Aloha Poke Co., the nation’s premier fast-casual poke restaurant concept, announced today the opening of its first of eleven stores planned for the Houston metro market. Husband and wife team, Amanda and Corey Tabb of Cypress lead Aloha Poke’s entrance into the Lone Star State. The new Aloha Poke is in the Fairfield Town Center shopping plaza located at 29040 Highway 290, suite A05 in Cypress, Texas.
Amanda and Corey approached the idea of fast-casual franchising at the height of the COVID-19 pandemic to diversify their financial futures with a business model that created additional revenue streams, gave them more control of their current finances, while starting a generational wealth portfolio of business ventures to leave their three daughters. As Amanda continues to have a successful career in the Texas oil and gas industry, Corey recently retired from the same industry. The husband-and-wife team set sights toward restaurant franchising concepts that promoted environmentally friendly, sustainable food sourcing while offering members of their Cypress community a premium, healthy fast-casual food option.
“We are thrilled to be the first Aloha Poke restaurant in the state we love, the state where we are raising our children,” says Amanda. “As first-time franchise owners, we decided on Aloha Poke for several reasons including the brand’s franchise development program, the projected return on investment, the ease of operations, low labor requirements, and most importantly, the sheer beauty and high-quality nutritional value of the brand’s dedicated menu.”
Amanda and Corey further cited that the brand’s ability to demonstrate success behind its core values made the decision of franchise business ownership very attractive. These core values include Aloha Poke’s brand promise in offering fast, fresh-packed sushi-grade fish and raw ingredients, its corporate governance of presenting a transparent FDD during the discovery process, smaller brick and mortar build-outs, and sustainable food logistics.
The planned Houston expansion nearly doubles Aloha Poke’s total franchise location holdings and spearheads the brand’s long-term development plan across other metroplex areas including Dallas/Fort Worth and Austin.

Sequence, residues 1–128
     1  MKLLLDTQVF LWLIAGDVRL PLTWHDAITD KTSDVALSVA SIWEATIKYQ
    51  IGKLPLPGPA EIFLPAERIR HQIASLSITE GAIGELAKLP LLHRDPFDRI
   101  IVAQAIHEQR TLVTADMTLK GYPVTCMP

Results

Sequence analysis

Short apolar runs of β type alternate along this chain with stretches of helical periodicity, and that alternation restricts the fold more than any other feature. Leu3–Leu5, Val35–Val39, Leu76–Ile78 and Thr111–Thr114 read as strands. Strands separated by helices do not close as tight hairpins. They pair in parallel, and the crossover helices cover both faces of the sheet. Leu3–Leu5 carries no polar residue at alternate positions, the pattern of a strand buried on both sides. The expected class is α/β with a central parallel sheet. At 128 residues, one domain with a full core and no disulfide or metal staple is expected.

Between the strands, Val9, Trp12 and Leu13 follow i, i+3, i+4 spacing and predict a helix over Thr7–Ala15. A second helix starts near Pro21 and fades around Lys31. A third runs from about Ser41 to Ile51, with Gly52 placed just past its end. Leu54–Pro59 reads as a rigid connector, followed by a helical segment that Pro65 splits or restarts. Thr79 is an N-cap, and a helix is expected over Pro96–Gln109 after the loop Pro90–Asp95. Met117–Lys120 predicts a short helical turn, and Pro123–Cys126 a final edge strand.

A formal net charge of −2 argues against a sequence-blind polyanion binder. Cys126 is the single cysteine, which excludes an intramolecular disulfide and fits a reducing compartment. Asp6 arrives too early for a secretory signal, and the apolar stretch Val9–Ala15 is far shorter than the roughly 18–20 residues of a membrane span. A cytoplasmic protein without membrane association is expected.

“Aloha Poke Co is excited and extremely proud to welcome Amanda and Corey into the Aloha Poke franchise family,” says Chris Birkinshaw, CEO, Aloha Poke Co. “Houston is one of the fastest-growing and culturally diverse markets in the nation and we are very excited to introduce the Aloha Poke brand with incredibly dedicated franchisees like the Tabb family.”
According to industry analysts, the poke foods market is expected to grow by $1.2B by 2024. Aloha Poke franchising is uniquely poised to meet this growing demand with consumers looking for new, innovative ways to eat healthier while still on the go.
“Aloha Poke is the perfect example of where consumer trends are heading within the fast-casual space,” adds Birkinshaw. “The COVID-19 pandemic has created operational challenges for many food and beverage franchises. Our concept, though also affected, has managed to bypass some of the more serious issues faced by restaurants today, while being able to serve a growing consumer trend of eating healthier, nutrient-dense foods. Aloha Poke’s expansion is credited to the ease of operations, sustainable food sourcing practices, lower overhead costs, and a healthy, dedicated menu.”
Aloha Poke Ahead of the COVID-19 Learning Curve
With the sharp acceleration of convenience trends because of the pandemic, the challenge for restaurateurs and brands right now is to try to meet high labor and operational costs, anticipate consumer behavior patterns due to COVID and deliver what consumers want in a safe and quick manner. In many respects, Aloha Poke was moving toward this re-imagined fast-casual franchise concept well before the pandemic arrived.
“The restaurant of the future was in development before the pandemic entered our lives,” says Paul Tripodes, VP franchise development, Aloha Poke. “Franchise operations oriented towards less consumer friction, less reliance on a differentiated physical brand experience, and more focus on the digital experience will most likely experience fewer growing pains in the short and long term. COVID simply placed fire to the fuel of change within the food and beverage industry with the future of restaurants being reimagined in the present day.”